Murkowski’s No Vote on Kavanaugh Shows High Pressure on Both Parties
(Bloomberg) -- Republican Senator Lisa Murkowski opposition to advancing the Supreme Court nomination of Brett Kavanaugh and Democrat Joe Manchin’s backing for his confirmation illustrate the slim political margin that lawmakers are operating under just weeks before the first midterm election of Donald Trump’s presidency.
Murkowski and Manchin both broke with their parties in Friday’s 51-49 vote to move toward a full Senate vote on Kavanaugh, whose nomination by Trump has become emblematic of the nation’s deep political divide. The appeals court judge now has enough support to win confirmation to the high court.
“In my view he’s not the best man for the court at this time,” Murkowski told reporters after her vote. “This has truly been the most difficult evaluation of a decision that I have ever had to make.”
Alaska’s Murkowski has supported abortion rights, and state officials have raised concerns about Kavanaugh’s views on tribal rights, an important issue in her state. Alaska’s governor and lieutenant governor, both of whom are running for re-election as independents, had announced their opposition to Kavanaugh.
The Alaskan has staked her political career on being attentive to local concerns and interests. In 2010 she won her Senate re-election race as a write-in candidate, a rarity, after she was defeated in the Republican primary by a conservative Tea Party candidate.
While Murkowski won’t have to run for the Senate again until 2022, Manchin is up for re-election on Nov. 6 in West Virginia, a state Trump won by a wide margin. Manchin has remained popular in the state in part by cultivating an image of independence. The few polls of West Virginia voters ahead of next month’s vote have shown him with a lead over Republican Patrick Morrisey, the state’s attorney general.
Minutes after Maine Republican Senator Susan Collins announced on the Senate floor that she would provide a pivotal "yes" vote on Kavanaugh’s confirmation, Manchin released a statement saying he also would support the nominee.
“I have reservations about this vote given the serious accusations against Judge Kavanaugh and the temperament he displayed in the hearing,” Manchin said. “However, based on all of the information I have available to me, including the recently completed FBI report, I have found Judge Kavanaugh to be a qualified jurist who will follow the Constitution and determine cases based on the legal findings before him.”
Another Democrat facing a tough re-election battle in a Trump state, Heidi Heitkamp of North Dakota, announced Thursday she’d vote against Kavanaugh. Her opponent, Republican Representative Kevin Cramer, accused her of deciding to “vote with Chuck Schumer, and not the people of North Dakota.” Schumer, a New York Democrat, is the Senate minority leader. Two polls taken in the state last month showed Cramer with a comfortable lead.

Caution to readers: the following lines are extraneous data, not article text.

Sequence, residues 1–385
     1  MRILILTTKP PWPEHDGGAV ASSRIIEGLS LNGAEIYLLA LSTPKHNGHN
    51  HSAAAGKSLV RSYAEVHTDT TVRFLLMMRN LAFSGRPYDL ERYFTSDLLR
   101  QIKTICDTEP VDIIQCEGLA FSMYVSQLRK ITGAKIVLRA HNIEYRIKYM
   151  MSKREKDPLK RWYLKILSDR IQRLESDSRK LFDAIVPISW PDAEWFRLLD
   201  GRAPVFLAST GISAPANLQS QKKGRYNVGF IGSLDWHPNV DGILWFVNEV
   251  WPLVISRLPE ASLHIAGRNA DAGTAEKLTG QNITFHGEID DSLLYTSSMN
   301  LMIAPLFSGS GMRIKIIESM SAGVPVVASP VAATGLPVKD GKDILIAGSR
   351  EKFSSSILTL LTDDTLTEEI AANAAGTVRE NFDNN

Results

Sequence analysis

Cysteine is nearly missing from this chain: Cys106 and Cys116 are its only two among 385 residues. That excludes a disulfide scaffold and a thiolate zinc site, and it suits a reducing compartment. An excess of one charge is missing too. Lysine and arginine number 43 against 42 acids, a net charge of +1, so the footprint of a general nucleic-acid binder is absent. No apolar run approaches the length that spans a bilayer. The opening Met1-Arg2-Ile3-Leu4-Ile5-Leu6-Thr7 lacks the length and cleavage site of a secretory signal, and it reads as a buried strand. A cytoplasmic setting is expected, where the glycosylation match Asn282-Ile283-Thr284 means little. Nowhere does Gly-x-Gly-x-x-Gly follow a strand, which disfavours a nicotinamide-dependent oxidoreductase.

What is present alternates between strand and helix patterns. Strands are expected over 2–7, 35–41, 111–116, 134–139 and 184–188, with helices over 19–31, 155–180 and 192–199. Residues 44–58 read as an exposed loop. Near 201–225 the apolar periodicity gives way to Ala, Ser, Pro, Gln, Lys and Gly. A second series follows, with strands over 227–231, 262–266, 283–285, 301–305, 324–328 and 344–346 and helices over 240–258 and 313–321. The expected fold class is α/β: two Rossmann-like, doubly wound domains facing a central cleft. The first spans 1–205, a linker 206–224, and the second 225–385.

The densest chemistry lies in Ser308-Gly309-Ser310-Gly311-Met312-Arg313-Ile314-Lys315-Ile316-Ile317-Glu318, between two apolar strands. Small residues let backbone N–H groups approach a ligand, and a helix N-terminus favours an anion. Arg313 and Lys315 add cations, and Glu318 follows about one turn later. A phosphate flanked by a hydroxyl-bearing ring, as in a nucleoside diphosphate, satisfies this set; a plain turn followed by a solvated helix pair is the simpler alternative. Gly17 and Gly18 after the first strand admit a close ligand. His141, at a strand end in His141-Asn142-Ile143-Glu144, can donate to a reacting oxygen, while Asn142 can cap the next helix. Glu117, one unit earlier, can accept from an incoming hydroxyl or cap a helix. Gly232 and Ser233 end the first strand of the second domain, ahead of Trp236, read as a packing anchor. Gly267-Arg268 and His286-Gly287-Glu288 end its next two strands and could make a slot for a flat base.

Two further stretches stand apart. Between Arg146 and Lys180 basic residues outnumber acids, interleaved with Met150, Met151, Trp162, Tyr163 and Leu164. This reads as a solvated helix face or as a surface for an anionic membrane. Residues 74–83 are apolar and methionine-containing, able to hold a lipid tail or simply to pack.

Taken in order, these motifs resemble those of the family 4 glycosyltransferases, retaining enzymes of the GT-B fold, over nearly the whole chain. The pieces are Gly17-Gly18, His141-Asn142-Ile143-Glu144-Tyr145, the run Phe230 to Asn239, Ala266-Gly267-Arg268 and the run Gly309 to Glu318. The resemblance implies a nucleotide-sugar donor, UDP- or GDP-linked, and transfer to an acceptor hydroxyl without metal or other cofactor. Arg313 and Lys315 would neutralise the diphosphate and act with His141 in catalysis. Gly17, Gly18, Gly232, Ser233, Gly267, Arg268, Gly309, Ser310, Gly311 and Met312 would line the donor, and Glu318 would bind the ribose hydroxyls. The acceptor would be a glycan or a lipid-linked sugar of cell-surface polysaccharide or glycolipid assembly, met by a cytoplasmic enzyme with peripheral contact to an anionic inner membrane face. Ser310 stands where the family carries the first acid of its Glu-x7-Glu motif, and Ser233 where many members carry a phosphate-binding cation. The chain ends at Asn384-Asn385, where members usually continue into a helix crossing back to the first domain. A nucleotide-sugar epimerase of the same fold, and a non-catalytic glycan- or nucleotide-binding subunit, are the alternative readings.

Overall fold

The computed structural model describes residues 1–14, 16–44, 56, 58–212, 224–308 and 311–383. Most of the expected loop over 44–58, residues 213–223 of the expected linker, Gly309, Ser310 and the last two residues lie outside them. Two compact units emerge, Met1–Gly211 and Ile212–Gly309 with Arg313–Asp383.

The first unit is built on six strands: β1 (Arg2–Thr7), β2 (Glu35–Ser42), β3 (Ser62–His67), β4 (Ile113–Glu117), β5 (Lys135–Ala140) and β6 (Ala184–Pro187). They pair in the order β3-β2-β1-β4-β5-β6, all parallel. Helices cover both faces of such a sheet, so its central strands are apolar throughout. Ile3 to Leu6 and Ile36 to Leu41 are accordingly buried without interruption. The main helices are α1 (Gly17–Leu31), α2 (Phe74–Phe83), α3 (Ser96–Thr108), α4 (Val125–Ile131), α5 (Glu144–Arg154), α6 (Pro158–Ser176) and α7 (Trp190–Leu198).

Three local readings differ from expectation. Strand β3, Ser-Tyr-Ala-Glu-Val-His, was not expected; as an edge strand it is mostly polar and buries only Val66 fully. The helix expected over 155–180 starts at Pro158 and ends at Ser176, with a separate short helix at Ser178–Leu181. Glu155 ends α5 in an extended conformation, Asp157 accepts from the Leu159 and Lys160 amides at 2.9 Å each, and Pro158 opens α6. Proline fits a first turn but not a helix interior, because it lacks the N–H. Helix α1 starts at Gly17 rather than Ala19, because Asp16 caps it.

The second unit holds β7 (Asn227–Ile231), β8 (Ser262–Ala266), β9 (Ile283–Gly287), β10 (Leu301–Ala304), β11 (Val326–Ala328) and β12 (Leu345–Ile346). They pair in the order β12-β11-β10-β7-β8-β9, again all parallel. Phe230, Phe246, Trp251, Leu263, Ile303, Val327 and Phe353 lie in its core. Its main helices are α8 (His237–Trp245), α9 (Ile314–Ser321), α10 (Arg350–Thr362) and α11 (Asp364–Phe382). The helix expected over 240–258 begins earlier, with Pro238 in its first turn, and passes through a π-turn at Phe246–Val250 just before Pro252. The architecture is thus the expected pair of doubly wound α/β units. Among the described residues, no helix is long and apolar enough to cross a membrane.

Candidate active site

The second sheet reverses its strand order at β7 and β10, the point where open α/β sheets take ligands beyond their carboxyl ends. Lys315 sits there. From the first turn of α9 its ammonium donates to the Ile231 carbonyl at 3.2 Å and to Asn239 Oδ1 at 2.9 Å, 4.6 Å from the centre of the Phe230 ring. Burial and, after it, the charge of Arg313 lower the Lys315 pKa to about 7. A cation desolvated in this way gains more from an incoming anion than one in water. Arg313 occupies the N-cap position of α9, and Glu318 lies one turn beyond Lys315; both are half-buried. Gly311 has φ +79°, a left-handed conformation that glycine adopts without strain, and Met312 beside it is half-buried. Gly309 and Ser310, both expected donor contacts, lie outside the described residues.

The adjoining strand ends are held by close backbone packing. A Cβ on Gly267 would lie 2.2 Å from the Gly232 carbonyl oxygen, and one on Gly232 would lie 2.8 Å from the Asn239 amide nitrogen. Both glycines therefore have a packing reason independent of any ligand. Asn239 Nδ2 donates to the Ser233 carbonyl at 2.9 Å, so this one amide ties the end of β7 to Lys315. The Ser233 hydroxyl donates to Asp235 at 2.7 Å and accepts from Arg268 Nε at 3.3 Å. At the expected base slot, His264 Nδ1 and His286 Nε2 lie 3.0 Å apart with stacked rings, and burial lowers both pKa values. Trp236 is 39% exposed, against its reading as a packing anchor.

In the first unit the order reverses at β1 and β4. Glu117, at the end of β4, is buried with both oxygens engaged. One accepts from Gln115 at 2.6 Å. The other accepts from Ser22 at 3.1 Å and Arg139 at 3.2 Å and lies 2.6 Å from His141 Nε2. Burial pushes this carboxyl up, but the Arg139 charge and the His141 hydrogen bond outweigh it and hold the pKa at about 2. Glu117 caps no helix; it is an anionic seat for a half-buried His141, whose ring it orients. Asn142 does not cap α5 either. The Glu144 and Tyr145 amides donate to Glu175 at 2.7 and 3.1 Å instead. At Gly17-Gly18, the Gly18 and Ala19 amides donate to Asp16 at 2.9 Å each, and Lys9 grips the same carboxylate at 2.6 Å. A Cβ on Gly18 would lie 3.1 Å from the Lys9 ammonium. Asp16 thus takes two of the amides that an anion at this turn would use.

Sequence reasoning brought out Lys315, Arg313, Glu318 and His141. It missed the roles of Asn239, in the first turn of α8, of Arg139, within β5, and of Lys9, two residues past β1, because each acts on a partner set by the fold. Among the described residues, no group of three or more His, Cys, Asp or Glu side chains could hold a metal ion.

The other four Democrats in toss-up re-election contests -- Florida’s Bill Nelson, Missouri’s Claire McCaskill, Indiana’s Joe Donnelly and Montana’s Jon Tester -- also voted against advancing Kavanaugh. But in a sign of the delicate political balance, Democrat Phil Bredesen, who’s running in a close race for an open Senate seat in heavily Republican Tennessee, said they he would have voted “yes” on Kavanaugh’s confirmation had he been in office.
Another Republican who had been publicly wrestling with the decision, Arizona’s Jeff Flake, told reporters that he’ll support Kavanaugh’s confirmation when it comes to a vote on Saturday.
As the Senate roll call proceeded on Friday, Murkowski knew the outcome wasn’t in doubt by the time it came to her. She looked down for a while, closed her eyes, then looked up and seemed to have resolved any doubt on how she would vote. She then stood up, and softly said “no.”
Kavanaugh’s nomination was destined to become part of a partisan fight coming as it did amid the congressional election campaign. But the intensity accelerated after Christine Blasey Ford, a California college professor, accused him of sexually assaulting her when they both were in high school. Kavanaugh has vehemently denied the charge, as well as accusations of sexual misconduct by two other women.
Both parties have reported a surge in donations and voter interest since the accusations against Kavanaugh became public just weeks before midterm elections that will decide control of Congress. While Democrats are in good position to take the House majority from Republicans, the party has a more difficult path in the Senate.
©2018 Bloomberg L.P.